And the ones that kind of tell a story don't make sense.

Just take a look at the sample cover in the blog. There is a picture of a scary man being ripped in half and behind is a smaller picture of a woman in a red hue. Why? Is the scary man really a woman in red tint? Is the woman the real villain who looks innocent and is going to tear apart the scary looking man?

I'm scratching my head trying to find the story these pictures tell...

$200 for generic? You guys must be rich to spend that much.

Jude Hardin said...

My recommendation for cover art is above.

Thanks, Merrill. I bookmarked it. Looks like a good one.

Curious about what happened to affect this change.

It always boils down to $. Anyone who says it doesn't is lying.

Joe Konrath said...

The painting itself tells a story that emotionally moves the audience.

Please show me some James Patterson book covers that emotionally move the audience. He's the #1 bestseller of all time, so he must be emotionally moving millions of people.

As for the sample cover, if you can't figure it out, I don't know what to tell you. To me, it's obvious that a woman is on a very bad man's mind. The look on her face and his expression would make this a thriller novel, dark mystery, or possibly horror. This will be an intense, suspenseful read.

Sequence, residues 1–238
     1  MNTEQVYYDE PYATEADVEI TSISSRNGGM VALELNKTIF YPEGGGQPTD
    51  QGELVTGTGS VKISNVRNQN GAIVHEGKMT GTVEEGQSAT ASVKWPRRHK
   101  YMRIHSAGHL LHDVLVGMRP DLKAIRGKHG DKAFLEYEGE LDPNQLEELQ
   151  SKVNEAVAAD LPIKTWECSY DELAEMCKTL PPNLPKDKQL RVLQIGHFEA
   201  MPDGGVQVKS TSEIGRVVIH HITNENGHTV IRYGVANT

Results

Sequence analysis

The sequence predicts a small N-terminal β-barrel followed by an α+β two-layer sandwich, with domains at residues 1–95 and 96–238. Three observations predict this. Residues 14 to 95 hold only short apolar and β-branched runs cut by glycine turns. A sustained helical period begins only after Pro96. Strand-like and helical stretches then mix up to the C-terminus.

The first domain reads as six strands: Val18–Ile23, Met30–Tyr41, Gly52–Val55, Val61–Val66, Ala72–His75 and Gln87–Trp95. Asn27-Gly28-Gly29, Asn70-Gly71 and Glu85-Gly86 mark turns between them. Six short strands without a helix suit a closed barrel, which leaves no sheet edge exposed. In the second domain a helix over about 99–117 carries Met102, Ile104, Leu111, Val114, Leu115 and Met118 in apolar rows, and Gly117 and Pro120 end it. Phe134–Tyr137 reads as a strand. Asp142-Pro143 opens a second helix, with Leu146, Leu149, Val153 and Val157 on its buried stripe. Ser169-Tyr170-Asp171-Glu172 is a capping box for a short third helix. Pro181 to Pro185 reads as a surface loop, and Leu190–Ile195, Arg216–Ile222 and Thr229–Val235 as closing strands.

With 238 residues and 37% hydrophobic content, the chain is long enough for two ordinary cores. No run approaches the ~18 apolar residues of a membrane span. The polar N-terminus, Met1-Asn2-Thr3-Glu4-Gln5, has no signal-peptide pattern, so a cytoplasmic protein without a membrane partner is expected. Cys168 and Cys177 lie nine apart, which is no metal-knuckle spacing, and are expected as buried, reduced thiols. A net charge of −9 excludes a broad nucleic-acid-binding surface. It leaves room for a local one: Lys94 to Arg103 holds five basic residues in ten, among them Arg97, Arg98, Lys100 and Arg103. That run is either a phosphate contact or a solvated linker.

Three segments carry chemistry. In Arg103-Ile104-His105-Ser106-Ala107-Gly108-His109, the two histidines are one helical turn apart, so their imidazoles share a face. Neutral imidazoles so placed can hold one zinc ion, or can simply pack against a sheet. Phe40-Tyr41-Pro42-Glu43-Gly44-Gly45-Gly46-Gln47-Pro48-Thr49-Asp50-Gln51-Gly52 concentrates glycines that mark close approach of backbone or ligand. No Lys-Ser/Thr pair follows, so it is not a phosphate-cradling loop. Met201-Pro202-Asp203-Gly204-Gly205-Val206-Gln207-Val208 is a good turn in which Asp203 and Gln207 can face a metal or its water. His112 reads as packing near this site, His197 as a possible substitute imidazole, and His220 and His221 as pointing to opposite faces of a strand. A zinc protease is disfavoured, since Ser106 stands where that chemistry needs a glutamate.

It conveys all of that within seconds, while also looking great as a thumbnail and in grayscale.

If you're scratching your head at that, my guess is you have some agenda. Hence posting anonymous.

But thanks for playing. :)

Wickergirl said...

There are lots of sites offering pre-made covers but one of the best that I've found is at www.goonwrite.com

goonwrite

There is a sale at this link. Covers there are only $35 and your title and name can be inserted. And James, the artist, does a very quick turnaround.

He has another site at www.humblenations.com where you can get a cover specially commissioned from $200. Yes, that's for a unique design to your specifications. I think that's unbelievable value.

humblenations.com

I have no relationship with either site or the artist but did order art for projects I'm currently working on.

Wickergirl

wickergirl

Ann Voss Peterson said...

I DO think emotion plays a huge part in a good cover, and Carl's covers carry a huge emotional punch. He's one of the best I've ever seen at delivering emotion.

"This will be an intense, suspenseful read."

Yeah, emotion, Joe. :)

Ann Voss Peterson said...

I should have said conveying, not delivering.

Mike Fook said...

I love Carl's work. However, a friend turned me onto a guy in the philippines that does exceptional covers for $75. If you want his name, write me through my website (MikeFook.com).

Jude Hardin said...

Just heard that the suit against Harlequin was dismissed.

The number of authors who have been screwed by publishers through the years is truly shameful.

As is the number still being screwed today...